Thursday, December 20, 2007

No Fly Zone

This is why I don't want to be a big-time blogger who gets paid to do this. Seriously. Both Andrew Sullivan and Matt Yglesias link to the story of an Icelandic woman who came to America to go shopping. At the airport in New York, however, security discovered she had overstayed a visa a decade ago, and refused to let her enter. What followed for her was a nightmare of deprivation and humiliation that would seem cruel and unusual even for a death-row inmate.

Here, in English on an Icelandic blog, is her story. It's been out there for a while, and U.S. diplomats have gotten involved, and apologies have been issued. The story isn't bogus.

However, neither Matt nor Andrew linked to that site. They linked to a word-for-word lift of the original on this site, which uses it as the liner for a litter box full of vile 9/11-truther and Israel-conspiracy nonsense. Thousands of readers following their links went there, instead of the original site.

How'd that happen? I imagine someone sent in a link, they read the story, found it link-worthy, and did so. If you're trying to crank this stuff out on deadline, that's going to happen. You don't have time to poke around. You don't have a staff of fact-checkers and copy editors to back you up. No, thanks. Not for me.

As for the story itself, it makes you want to smack somebody, but there doesn't seem to be any one culprit and you can't smack a bureaucracy. The commenters -- on both sites -- stupidly see it as evidence of America's fascism. An awful lot of Canadians, especially, seem to be convinced of this.

It's not. But it's why Americans hate to turn anything over to federal government control that is going to touch them more than once in a lifetime. This article will remind you they don't just treat "young Icelandic blondes" that way. They treat U.S. citizens that way, too.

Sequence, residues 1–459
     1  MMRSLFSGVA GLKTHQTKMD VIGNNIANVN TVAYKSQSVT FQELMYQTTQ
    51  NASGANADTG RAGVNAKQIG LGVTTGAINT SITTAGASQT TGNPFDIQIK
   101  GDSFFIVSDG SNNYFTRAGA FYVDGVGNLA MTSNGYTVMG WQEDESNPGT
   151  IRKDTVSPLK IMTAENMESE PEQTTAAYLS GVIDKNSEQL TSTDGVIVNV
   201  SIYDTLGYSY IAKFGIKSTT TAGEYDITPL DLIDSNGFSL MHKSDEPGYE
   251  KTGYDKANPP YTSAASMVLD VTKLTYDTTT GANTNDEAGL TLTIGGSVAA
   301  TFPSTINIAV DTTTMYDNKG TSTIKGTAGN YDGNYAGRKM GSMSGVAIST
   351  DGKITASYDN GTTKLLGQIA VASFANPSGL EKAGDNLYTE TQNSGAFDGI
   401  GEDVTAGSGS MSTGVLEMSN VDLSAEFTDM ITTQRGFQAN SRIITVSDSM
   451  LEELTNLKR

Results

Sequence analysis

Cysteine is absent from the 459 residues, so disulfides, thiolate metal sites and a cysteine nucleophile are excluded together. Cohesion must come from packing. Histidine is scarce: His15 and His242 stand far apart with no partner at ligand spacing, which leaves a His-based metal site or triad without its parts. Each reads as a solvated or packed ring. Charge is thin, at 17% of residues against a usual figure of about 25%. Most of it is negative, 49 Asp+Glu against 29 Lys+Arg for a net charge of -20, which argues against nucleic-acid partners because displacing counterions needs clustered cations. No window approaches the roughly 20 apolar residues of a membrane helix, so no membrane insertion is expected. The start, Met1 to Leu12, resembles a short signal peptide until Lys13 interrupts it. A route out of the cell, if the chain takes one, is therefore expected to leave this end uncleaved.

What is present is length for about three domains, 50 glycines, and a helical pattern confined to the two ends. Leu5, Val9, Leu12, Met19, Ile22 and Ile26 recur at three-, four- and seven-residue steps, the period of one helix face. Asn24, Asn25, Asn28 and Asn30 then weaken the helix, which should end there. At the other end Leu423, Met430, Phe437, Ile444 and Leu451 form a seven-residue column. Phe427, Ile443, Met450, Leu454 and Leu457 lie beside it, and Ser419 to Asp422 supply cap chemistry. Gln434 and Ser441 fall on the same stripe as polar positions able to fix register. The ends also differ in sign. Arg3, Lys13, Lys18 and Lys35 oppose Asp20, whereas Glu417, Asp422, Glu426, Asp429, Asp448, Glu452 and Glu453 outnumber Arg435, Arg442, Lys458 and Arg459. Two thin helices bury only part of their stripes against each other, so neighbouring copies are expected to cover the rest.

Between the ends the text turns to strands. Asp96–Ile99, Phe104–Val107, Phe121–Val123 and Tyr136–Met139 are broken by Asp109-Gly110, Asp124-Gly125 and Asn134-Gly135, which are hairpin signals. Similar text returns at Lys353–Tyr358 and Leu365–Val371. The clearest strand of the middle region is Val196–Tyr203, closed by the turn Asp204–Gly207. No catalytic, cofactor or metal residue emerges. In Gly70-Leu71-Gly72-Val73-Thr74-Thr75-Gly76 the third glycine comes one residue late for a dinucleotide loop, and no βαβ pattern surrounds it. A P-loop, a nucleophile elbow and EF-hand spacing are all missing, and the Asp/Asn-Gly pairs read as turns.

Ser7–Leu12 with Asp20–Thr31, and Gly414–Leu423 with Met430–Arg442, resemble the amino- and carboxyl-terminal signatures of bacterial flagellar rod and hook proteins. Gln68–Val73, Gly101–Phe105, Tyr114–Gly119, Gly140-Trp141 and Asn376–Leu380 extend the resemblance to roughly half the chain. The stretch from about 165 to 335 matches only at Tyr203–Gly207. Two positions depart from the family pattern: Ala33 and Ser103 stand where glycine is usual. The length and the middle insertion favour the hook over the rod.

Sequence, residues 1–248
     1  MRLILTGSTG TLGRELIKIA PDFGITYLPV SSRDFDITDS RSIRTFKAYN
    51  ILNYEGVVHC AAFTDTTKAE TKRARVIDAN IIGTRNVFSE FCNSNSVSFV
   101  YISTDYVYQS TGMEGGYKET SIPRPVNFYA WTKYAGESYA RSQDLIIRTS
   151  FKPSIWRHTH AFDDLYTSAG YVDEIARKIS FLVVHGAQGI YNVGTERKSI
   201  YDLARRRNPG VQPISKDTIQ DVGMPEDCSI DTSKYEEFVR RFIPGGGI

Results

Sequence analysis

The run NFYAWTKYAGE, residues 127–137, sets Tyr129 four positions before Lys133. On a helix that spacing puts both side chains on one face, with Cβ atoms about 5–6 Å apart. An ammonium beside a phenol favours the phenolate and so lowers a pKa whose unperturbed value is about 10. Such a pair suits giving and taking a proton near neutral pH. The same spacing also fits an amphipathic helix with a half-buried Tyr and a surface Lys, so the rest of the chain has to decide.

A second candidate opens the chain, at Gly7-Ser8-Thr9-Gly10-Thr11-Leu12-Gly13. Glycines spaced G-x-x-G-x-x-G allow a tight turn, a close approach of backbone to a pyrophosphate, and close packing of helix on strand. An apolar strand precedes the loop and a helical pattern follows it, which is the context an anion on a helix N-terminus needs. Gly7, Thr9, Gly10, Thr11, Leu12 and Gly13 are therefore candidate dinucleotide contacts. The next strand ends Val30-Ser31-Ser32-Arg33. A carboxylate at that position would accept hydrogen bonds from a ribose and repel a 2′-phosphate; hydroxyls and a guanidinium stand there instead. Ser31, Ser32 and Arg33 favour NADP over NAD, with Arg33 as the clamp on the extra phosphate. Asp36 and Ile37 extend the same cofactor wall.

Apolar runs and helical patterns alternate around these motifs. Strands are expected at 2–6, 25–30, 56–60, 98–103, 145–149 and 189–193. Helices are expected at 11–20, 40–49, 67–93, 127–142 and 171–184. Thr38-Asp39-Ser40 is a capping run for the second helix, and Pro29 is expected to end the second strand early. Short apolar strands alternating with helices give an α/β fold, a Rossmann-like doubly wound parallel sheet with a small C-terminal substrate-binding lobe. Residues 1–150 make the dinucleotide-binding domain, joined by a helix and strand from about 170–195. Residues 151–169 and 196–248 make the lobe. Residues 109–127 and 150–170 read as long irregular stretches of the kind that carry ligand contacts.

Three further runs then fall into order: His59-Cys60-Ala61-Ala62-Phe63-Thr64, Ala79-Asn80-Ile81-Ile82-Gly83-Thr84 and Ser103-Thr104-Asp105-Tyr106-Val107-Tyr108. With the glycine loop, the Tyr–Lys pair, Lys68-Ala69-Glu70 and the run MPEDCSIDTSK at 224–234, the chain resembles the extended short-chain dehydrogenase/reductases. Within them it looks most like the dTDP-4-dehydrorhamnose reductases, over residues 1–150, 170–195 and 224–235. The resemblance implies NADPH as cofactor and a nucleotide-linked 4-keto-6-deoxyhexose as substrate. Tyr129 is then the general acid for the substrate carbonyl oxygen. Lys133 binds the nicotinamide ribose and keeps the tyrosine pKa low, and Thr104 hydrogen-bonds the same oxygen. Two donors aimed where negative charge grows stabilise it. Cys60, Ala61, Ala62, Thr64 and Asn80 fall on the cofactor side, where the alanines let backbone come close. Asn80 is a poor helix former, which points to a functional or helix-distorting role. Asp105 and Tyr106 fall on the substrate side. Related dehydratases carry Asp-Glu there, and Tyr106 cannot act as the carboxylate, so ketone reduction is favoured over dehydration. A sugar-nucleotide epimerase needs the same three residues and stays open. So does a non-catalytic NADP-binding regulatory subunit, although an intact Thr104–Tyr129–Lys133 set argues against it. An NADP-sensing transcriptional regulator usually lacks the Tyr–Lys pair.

The last person in my family to fly was my (then)-16-year-old son, who went to Japan on an exchange program this summer. My ex-wife, who hasn't been overseas since the Reagan Administration, packed his bags and unwisely put a plastic bottle of barbecue sauce -- a gift for his host family -- in the carry-on bag. It wasn't just that it was confiscated at the gates. It's the way the employees handed it around, commenting on how they looked forward to using it themselves, that made it grating. As for ethnicity and terrorism, my kid looks like any fair-skinned American boy and the security employees who dealt with him were south Asians in turbans. So much for surrealism.

That's the difference between fascism and stupid, mindless bureaucracy. In fascism, the higher up the chain you go, the meaner it gets. In this case, the apologies came from high up. In fascism, you're persecuted because of who you are and who your parents were. In an American airport, you're persecuted because you're there.

For some reason, people who get their paychecks from "public" entities just seem to have a different experience of employment than the rest of us. Their idea of what they're paid to do, and how they're supposed to do it, and what they deserve in return, doesn't seem at all like mine.

Privatize it? The trouble is, some jobs are just so big that the only private entities that can do them are no better than governments. Worse, in some cases. Actively malignant instead of sluggishly thuggish.

UPDATE: Oh, snap!